Wednesday, September 21 2022

With every keystroke and search on the internet, the amount of information – and potential threats – we can have at our fingertips is endless. But even in 2022, what do we really know about cybersecurity?

A recent survey of 2,000 American adults found that while 70% of people feel knowledgeable about cybersecurity, the average person still comes across a suspicious online site or social media account 6.5 times a day.

The results revealed that only 39% were aware that suspicious sites can spread malware and viruses to their computers, and more than half (54%) were unaware of the difference between active and passive cybersecurity threats – cybersecurity threats passive attacking your devices without you even making a decision. stock.

Conducted by OnePoll on behalf of AT&T, the survey also found that 69% of consumers are confident they can identify suspicious websites at a glance – and share that they know those sites have potential risks of identity theft (45%).

But even with that in mind, consumers admit to intentionally visiting unverified sites – identifiable as websites with lots of pop-ups, no “s” in the http to define “secure”, etc. – to broadcast major sporting events, such as the United States. Open and MLB games (38%), or to download a hard-to-find song or video game (37%) and even to buy necessities at a deep discount (36%).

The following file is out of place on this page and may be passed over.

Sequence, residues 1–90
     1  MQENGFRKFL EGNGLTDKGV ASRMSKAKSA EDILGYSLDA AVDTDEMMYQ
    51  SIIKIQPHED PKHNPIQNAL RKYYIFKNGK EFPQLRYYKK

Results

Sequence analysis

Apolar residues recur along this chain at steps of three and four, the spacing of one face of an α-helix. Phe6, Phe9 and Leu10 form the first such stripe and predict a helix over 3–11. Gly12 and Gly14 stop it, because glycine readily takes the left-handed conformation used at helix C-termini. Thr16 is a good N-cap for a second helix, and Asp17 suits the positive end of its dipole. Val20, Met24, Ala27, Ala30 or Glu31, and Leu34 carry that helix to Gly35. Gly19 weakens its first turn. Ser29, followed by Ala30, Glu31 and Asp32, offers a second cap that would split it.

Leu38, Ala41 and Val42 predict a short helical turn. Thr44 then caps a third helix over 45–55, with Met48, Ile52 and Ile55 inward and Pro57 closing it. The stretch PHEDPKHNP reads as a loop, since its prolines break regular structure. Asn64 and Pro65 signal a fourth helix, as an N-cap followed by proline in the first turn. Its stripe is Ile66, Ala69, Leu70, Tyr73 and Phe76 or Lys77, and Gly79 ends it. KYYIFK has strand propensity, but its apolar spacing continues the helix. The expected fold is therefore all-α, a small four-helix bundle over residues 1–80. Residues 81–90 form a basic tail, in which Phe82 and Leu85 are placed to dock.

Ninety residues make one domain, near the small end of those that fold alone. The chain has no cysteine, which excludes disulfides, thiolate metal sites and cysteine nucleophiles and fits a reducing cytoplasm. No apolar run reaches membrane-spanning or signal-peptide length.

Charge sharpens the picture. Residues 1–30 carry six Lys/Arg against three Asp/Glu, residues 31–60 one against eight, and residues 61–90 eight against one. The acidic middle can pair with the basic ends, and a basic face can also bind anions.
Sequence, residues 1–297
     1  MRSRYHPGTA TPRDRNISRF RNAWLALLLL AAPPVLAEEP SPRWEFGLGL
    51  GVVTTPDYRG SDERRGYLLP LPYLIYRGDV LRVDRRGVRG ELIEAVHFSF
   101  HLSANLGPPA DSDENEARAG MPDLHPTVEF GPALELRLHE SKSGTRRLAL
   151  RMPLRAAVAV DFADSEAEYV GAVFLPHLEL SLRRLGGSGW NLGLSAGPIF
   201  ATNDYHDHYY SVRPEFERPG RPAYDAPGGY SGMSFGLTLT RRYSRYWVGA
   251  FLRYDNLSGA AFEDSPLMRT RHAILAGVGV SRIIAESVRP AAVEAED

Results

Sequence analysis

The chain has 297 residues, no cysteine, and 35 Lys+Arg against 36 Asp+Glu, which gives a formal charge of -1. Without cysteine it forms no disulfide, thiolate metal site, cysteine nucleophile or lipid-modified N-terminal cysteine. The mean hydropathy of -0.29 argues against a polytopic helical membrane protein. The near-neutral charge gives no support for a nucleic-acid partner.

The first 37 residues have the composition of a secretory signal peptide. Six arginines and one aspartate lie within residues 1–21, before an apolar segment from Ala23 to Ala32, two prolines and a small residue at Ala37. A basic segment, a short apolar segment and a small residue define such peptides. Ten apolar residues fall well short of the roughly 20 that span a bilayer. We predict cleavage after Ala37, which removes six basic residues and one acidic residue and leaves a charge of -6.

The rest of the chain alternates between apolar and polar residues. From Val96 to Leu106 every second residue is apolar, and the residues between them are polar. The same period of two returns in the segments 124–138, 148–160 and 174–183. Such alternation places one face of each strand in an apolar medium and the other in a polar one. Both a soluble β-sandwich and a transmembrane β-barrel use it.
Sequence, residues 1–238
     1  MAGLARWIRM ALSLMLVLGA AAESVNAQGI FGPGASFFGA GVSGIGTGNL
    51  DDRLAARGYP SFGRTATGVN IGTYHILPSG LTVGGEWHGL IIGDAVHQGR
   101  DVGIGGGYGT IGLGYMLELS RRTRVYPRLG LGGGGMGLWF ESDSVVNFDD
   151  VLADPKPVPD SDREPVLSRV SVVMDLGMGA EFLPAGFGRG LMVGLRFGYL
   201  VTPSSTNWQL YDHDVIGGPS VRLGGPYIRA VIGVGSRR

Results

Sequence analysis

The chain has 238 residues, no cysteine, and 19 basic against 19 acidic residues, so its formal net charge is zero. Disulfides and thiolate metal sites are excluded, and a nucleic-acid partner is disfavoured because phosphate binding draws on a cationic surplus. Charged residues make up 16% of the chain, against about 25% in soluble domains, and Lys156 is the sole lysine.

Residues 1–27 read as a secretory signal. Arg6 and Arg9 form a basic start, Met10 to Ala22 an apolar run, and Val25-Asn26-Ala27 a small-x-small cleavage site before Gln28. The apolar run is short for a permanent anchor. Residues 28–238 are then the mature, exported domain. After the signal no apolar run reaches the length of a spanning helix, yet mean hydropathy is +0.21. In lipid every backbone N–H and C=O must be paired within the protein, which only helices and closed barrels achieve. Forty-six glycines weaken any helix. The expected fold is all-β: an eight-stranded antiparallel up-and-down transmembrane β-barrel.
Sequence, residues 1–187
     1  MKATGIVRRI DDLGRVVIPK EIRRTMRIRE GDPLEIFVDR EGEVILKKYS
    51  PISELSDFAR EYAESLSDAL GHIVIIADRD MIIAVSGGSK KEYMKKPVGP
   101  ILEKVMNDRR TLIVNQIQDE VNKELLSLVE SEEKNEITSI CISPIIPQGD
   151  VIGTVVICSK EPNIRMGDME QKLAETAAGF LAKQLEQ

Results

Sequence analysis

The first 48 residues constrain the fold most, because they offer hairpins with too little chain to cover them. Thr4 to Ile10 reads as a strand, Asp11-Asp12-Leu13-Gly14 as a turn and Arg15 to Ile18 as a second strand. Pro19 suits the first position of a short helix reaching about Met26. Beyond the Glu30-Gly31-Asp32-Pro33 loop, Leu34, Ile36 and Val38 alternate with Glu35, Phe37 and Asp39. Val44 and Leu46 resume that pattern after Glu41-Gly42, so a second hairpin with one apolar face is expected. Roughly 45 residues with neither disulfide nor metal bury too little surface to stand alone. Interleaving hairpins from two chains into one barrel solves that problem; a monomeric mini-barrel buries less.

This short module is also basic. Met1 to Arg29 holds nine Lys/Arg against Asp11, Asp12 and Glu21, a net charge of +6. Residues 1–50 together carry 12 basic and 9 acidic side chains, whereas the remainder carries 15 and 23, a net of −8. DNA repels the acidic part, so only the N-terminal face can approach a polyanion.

And when it comes to their password security, most people are reactive rather than proactive (34%), only taking action when alerted to a login from another device. Forty-two percent of respondents also admit to using the same password for multiple logins, and 31% even use their birthday as a password.

“Whether browsing websites or apps, our results show that less than 40% of people consider common security risks, with less than a third keeping network intrusions in mind. (32%) and malicious mobile apps or software (31%),” Josh said. Goodell, vice president of broadband technology management at AT&T. “One way people can help mitigate their cybersecurity risks at home is to use a VPN, or Virtual Private Network, to encrypt their data and prevent potential hackers from tracking their online activity.”

To add to the ever-changing risks brought about by cyberspace, respondents reported having an average of about eight connected devices in the home, such as smart TVs, thermostats and doorbells. And almost half (47%) of users of these devices consider them a security risk.

Another common risk consumers face? Receive emails from unknown senders. Almost half (48%) said they had received an email from someone they didn’t know telling them to click on something, and 47% had received an email or text message to win a draw draw or a raffle in which they did not participate.

Forty-five percent have even received a phone call from someone claiming to be from a government agency – a particularly troubling statistic, given that 36% are more willing to respond to a message from someone they don’t know if it appears to come from an official organization.

Security risks will always be part of the Internet experience. But maintaining a proactive approach while taking advantage of the security technology we have will only help to mitigate these risks.

“Combining your own proactive security habits with an Internet service provider that offers security features such as identity monitoring, malicious site blocking, and virus scanning can help protect you against potential threats and to give you peace of mind for your overall connected experience,” added Goodell. .


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